Dynamic Earth, Moon and ISS Views

Images by: The Earth and Moon Viewer (John Walker)
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The Earth – Position: above Whitehorse
Viewed from about the distance of the Moon

At perigee — its closest approach — the moon comes as close as 225,623 miles (363,104 kilometers). At apogee — the farthest away it gets — the moon is 252,088 miles (405,696 km) from Earth. On average, the distance from Earth to the moon is about 238,855 miles (384,400 km)

 

 Today’s Moon
as viewed from The Earth
The whole Moon

Current Position and orbital path of the ISS
from
Heavens-Above.com

 

The space station’s orbit takes it all around the globe so it may pass over you at times when it’s less visible, such as either in the middle of the day when it is too bright or the middle of the night when the sun is on the other side of the earth. The best sightings occur early morning before sunrise or in the evening shortly after sunset when the sky is dark but the sun can still reflect light off the metal structures of the space station.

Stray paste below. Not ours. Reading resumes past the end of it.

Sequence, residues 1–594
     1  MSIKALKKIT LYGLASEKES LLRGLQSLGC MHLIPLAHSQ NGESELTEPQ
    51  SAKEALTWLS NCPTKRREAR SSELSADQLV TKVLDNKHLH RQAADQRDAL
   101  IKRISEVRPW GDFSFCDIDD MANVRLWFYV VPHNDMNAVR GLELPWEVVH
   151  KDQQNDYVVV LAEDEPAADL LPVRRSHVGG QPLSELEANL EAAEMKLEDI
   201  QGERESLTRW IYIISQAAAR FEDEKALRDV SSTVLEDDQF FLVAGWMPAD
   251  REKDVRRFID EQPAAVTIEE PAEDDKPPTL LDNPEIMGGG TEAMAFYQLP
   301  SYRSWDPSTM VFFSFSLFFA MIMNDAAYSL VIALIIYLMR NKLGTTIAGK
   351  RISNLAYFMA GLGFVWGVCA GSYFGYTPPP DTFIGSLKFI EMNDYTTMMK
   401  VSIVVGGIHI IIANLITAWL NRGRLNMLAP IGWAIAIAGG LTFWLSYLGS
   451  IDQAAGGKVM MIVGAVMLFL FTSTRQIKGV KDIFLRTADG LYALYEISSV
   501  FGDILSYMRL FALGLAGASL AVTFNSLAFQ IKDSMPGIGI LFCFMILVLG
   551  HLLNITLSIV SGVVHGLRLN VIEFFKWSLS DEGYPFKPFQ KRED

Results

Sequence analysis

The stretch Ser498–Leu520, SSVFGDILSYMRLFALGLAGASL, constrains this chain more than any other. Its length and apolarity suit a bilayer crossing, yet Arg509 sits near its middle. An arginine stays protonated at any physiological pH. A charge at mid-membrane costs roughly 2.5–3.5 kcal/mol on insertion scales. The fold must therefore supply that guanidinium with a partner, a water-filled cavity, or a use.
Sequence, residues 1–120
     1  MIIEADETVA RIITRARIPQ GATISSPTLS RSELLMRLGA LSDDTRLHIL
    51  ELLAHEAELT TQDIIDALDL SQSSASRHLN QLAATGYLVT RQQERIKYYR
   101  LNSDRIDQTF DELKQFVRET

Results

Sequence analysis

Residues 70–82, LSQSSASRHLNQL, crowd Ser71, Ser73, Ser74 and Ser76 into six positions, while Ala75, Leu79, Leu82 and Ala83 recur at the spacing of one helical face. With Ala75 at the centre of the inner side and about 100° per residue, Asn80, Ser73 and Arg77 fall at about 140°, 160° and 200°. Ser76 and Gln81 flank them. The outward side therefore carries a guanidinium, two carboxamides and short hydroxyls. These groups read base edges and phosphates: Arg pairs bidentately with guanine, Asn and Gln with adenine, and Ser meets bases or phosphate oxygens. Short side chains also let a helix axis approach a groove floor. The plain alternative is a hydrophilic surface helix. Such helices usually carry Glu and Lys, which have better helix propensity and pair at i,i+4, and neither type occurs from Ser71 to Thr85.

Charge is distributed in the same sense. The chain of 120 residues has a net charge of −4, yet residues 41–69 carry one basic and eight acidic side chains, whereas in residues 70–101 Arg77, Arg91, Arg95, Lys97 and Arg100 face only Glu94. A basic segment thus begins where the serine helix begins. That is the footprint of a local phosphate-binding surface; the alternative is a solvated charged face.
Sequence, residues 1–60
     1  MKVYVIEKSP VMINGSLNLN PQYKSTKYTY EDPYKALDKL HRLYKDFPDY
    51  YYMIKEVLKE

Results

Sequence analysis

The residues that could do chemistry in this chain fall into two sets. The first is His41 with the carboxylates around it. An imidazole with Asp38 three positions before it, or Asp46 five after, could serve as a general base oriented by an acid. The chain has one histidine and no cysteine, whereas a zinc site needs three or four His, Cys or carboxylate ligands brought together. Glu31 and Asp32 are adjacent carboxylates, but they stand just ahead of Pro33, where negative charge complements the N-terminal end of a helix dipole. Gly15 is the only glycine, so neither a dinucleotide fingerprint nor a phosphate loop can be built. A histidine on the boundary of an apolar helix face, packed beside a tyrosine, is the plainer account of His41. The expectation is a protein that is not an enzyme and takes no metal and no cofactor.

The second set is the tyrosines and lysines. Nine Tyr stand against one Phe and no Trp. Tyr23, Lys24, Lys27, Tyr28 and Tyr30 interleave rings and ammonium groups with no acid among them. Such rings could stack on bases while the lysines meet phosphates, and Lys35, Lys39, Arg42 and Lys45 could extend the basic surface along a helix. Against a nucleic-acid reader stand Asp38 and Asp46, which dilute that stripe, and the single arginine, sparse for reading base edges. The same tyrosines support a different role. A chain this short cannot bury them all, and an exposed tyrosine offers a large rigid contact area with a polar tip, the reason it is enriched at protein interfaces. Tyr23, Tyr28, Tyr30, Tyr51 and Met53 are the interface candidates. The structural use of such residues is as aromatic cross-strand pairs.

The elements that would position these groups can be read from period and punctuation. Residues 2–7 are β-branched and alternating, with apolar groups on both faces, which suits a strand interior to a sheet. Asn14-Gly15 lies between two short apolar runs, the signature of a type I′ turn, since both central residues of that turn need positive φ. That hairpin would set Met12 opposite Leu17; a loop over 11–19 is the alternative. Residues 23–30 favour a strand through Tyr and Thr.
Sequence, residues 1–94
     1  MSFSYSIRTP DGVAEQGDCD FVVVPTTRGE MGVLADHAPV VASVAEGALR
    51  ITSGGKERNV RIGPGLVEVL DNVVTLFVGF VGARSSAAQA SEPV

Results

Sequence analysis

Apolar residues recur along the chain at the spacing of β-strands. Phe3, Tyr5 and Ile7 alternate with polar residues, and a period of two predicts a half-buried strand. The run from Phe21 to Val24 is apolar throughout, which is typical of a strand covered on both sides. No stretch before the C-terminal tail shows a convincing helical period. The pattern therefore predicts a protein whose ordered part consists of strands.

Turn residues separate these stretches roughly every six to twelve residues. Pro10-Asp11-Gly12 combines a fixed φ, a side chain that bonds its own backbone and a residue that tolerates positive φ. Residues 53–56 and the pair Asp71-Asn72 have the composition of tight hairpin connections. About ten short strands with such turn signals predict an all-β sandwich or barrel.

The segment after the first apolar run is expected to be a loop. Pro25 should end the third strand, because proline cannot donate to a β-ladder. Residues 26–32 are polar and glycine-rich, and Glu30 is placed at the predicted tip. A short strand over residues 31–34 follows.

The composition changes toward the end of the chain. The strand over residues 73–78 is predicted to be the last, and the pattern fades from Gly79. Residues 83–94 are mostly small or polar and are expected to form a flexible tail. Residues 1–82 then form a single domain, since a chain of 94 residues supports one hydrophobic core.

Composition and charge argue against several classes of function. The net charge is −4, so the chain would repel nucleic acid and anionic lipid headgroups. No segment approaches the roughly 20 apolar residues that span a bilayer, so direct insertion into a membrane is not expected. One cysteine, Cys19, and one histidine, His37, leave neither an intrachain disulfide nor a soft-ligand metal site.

The NASA ISS tracking page is now located at: http://spaceflight.nasa.gov/realdata/tracking/

WHITEHORSE

DAWSON CITY

WATSON LAKE

How do I Spot The Station?

What does all this sighting information mean?

Time is when the sighting opportunity will begin in your local time zone. All sightings will occur within a few hours before or after sunrise or sunset. This is the optimum viewing period as the sun reflects off the space station and contrasts against the darker sky.

Visible is the maximum time period the space station is visible before crossing back below the horizon.

Max Height is measured in degrees (also known as elevation). It represents the height of the space station from the horizon in the night sky. The horizon is at zero degrees, and directly overhead is ninety degrees. If you hold your fist at arm’s length and place your fist resting on the horizon, the top will be about 10 degrees.

Appears is the location in the sky where the station will be visible first. This value, like maximum height, also is measured in degrees from the horizon. The letters represent compass directions — N is north, WNW is west by northwest, and so on.

Disappears represents where in the night sky the International Space Station will leave your field of view.

Astronomical Horizon